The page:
Like a player near the end of a game of musical chairs, American Airlines Inc. doesn't intend to be left standing alone after the latest round of airline industry consolidation.
For the world's second-largest carrier, a purchase or merger is a necessity now that archrival United Airlines Inc. has proposed buying the nation's sixth-largest carrier, US Airways Inc., said a person close to the Fort Worth-based airline.
If approved by federal regulators, United's acquisition would increase its dominance as the world's largest airline, increasing the competitive pressure for Fort Worth-based American.
The carrier has approached both Northwest Airlines Inc. and Delta Air Lines Inc. to discuss combining operations, according to news reports. None of the carriers would comment on whether they were in discussions.
Some industry analysts regard American's talks with other carriers as an attempt to force U.S. antitrust regulators to weigh what could happen if they don't block United's deal.
If the merger trend continued, some analysts said Wednesday, the nation would be left with three large airlines instead of the six in existence today.
"All the pressure is pushing ... [American] to do something," said Sam Peltzman, an economist who specializes in airline and regulatory issues at the University of Chicago's Graduate School of Business. "If they want to break the United-US Airways merger up, the more outrageous [the deal] the better."
The latest report, in Wednesday's Wall Street Journal, linked Delta with American. Northwest, based near Minneapolis, and Delta are the only candidates large enough to enable American to match a combined US Airways-United, industry experts said.
"American is looking at ... [its] options," said Raymond Neidl, an airline analyst at ING Barings Inc. in New York, adding that an American-Delta merger is unlikely.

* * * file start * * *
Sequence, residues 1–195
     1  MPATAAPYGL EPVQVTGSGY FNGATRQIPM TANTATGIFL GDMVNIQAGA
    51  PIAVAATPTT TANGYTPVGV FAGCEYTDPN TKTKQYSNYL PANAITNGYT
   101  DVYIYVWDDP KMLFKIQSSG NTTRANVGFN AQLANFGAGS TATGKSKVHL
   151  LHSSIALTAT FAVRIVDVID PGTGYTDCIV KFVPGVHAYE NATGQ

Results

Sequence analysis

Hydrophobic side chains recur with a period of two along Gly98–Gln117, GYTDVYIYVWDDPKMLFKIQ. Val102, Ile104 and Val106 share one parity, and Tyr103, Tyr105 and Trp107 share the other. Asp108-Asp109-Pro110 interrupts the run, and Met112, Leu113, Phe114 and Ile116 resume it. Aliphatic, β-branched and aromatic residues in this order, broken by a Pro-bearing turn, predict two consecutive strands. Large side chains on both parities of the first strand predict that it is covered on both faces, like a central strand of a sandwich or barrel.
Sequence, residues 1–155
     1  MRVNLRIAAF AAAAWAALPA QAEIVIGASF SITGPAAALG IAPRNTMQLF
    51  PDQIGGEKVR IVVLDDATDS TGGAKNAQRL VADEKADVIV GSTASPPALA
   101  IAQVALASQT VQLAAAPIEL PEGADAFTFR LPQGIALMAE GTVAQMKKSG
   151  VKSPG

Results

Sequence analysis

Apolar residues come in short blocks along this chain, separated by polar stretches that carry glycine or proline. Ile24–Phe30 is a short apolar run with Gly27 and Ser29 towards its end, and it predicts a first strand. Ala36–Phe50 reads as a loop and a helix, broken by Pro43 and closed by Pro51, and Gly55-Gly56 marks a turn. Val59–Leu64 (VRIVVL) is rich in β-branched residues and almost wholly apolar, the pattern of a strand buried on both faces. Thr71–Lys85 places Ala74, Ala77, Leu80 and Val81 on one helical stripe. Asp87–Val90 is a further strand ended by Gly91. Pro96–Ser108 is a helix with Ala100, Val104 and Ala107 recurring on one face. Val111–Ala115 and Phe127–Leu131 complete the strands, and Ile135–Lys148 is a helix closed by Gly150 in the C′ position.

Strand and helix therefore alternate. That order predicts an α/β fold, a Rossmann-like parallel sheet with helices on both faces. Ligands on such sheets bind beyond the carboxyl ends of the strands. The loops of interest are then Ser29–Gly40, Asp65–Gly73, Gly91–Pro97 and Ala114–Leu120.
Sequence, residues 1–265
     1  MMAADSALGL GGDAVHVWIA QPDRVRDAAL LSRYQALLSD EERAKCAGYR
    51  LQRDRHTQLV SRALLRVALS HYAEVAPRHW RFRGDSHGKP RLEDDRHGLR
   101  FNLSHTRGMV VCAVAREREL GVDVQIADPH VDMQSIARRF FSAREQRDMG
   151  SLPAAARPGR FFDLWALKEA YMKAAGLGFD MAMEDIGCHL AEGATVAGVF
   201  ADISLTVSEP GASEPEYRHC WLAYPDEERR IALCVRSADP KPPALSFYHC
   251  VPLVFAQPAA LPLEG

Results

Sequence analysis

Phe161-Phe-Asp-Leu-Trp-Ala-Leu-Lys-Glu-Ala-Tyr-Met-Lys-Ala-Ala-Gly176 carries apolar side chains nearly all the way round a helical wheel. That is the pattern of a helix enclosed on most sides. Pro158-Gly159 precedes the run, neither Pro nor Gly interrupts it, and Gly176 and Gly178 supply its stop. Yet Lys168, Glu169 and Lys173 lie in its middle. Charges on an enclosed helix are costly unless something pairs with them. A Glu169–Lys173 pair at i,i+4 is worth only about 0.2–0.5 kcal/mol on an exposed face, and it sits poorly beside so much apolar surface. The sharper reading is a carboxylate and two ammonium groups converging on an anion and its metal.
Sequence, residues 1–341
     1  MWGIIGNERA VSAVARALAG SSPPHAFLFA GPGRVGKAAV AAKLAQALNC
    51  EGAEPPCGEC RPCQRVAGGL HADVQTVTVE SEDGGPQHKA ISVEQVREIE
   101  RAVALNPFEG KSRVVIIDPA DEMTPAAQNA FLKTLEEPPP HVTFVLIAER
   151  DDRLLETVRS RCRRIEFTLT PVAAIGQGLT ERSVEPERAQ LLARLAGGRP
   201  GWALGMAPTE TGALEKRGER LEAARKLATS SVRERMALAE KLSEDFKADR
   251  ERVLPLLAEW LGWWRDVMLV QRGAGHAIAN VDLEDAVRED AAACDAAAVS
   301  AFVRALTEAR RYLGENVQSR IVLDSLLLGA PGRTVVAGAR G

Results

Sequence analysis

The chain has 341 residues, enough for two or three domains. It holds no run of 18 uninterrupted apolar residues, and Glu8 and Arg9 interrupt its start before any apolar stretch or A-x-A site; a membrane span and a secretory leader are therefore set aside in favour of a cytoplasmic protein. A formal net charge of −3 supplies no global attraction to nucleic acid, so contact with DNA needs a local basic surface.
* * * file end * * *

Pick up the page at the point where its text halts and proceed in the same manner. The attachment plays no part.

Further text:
"That one, I would really, really doubt," he said, adding that it would contain too many overlapping routes.
United's rivals would not be the first to try to influence regulators by suggesting that a merger would spur further consolidation. Northwest, Delta and American would be taking a page from the freight railroad industry.
In December, Fort Worth-based Burlington Northern Santa Fe Corp. announced a merger with Canadian National Railway Co. that would have created the country's largest railroad. If the deal were approved, competitors quickly warned, they, too, would require merger partners to compete.
Faced with the prospect of only two major railroads serving the nation, the U.S. Surface Transportation Board imposed a 15-month moratorium in March on any major combinations. The agency is working on merger rules aimed at preserving competition.
Combining American and Atlanta-based Delta would create a behemoth that would be about 30 percent larger than United-US Airways, estimated Samuel Buttrick, an airline analyst at PaineWebber Inc. in New York.
"We believe it could be risky for American and Delta to pursue such a strategy insofar as it could have the unintended effect of making a United-US Airways deal look good by comparison," he wrote in a Wednesday report.
In the unlikely event of such a merger, he added, it would be structured as a stock transaction with little or no takeover premium for the seller.
Shares of AMR Corp., American's parent company, inched up 13 cents Wednesday to close at $28.44 a share. Delta investors saw their stock end the day at $52.50, up $1.63 a share.
United's proposed acquisition of US Airways, based in Arlington, Va., faces an uphill fight at the Justice Department, industry experts say.
United, based in suburban Chicago, has hired a team of influential Capitol Hill lobbyists to persuade government regulators that the deal won't harm competition or lead to higher fares.
Already, the U.S. Department of Justice is suing Northwest Airlines to force it to surrender its controlling stake in Continental Airlines Inc. Northwest acquired the stake in 1998.
And last year, antitrust regulators alleged in a lawsuit that American used predatory pricing to drive out three low-fare carriers at Dallas/Fort Worth International Airport. American denies the charges and is fighting the lawsuit.
"The Justice Department is very sensitive to antitrust issues in this industry," Mr. Peltzman said, adding that the department will closely examine the number of hub airports controlled by a combined United-US Airways.
American and Delta are the two largest carriers at D/FW. Including their regional carriers, American controls 70.5 percent of passenger traffic at the airport; Delta, 17.5 percent.
Besides Dallas, a merged American-Delta would operate hub airports in Atlanta, Miami, Cincinnati, Chicago, Salt Lake City and New York.
American would benefit from Delta's East Coast network, while Delta would be able to capitalize on American's routes to South America.
If the two airlines were to combine, they also would bring together the nation's two largest regional carriers, American Eagle and Comair.
"Overall, they are so big that they would eliminate so much competition," said Michael Boyd, an industry consultant in Evergreen. Colo. "Congress would [be hard-pressed] to ignore this one."